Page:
For 10 months, Tombaugh photographed the night sky. Using a tool known as a blink comparator, he studied images two at a time, searching for movement between the plates that would point to Lowell's missing planet. On Feb. 18, 1930, Tombaugh spotted a small, faint object beyond the orbit of Neptune. The discovery of the elusive Planet X was officially announced on March 13, 1930 — Percival Lowell's birthday.
Suggestions poured into the observatory about what to name the solar system's newest known member. Ultimately, the proposal of an 11-year-old English girl named Venetia Burney made the cut, and the ninth planet took its name from the Roman god of the underworld.
Studies eventually showed that Pluto doesn't have the mass necessary to interfere with the orbits of Uranus and Neptune. The errors in calculation that helped lead to its discovery were later attributed to an incorrect mass estimate for Neptune, a value that was refined by NASA's Voyager 2 mission. [Photos from NASA's Voyager 1 and 2 Probes]
The moons of Pluto
For decades, Pluto seemed like the sole occupant of the outer solar system.
Then, on June 22, 1978, American astronomer James Christy noticed that what appeared to be a sizable bump on Pluto changed positions. A series of photos from 1970 showed that the bump — which Christy realized must be a satellite — traveled around Pluto once every six days. Named Charon, after the ferryboat pilot who takes the dead into Pluto's domain in Greek mythology, the big moon provided the break scientists needed to finally understand Pluto itself.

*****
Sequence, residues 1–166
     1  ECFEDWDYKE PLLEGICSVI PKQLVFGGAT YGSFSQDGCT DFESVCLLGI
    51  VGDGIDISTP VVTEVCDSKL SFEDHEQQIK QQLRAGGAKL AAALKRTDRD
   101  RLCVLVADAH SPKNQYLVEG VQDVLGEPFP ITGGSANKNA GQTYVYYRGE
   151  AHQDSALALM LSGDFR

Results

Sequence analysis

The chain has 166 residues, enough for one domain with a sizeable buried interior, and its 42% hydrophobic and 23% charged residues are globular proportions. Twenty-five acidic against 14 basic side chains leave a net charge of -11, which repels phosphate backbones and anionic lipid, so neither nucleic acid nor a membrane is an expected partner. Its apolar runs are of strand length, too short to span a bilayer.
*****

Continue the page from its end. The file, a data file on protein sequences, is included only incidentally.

With the help of Charon, astronomers were finally able to pin down a mass and radius for Pluto. They also managed to calculate a mass and radius for Charon, determining that it is about half the diameter and one-seventh the mass of Pluto. This makes Pluto-Charon the largest planet-moon system in the solar system.
The center of mass for the pair actually lies outside of Pluto, at a point between the two bodies. As a result, many astronomers regard Pluto-Charon as a double dwarf planet system.
Pluto and Charon lie so far away from Earth, at the outer edges of the solar system, that astronomers were unable to resolve them as two bodies until NASA's Hubble Space Telescope studied them in 1990.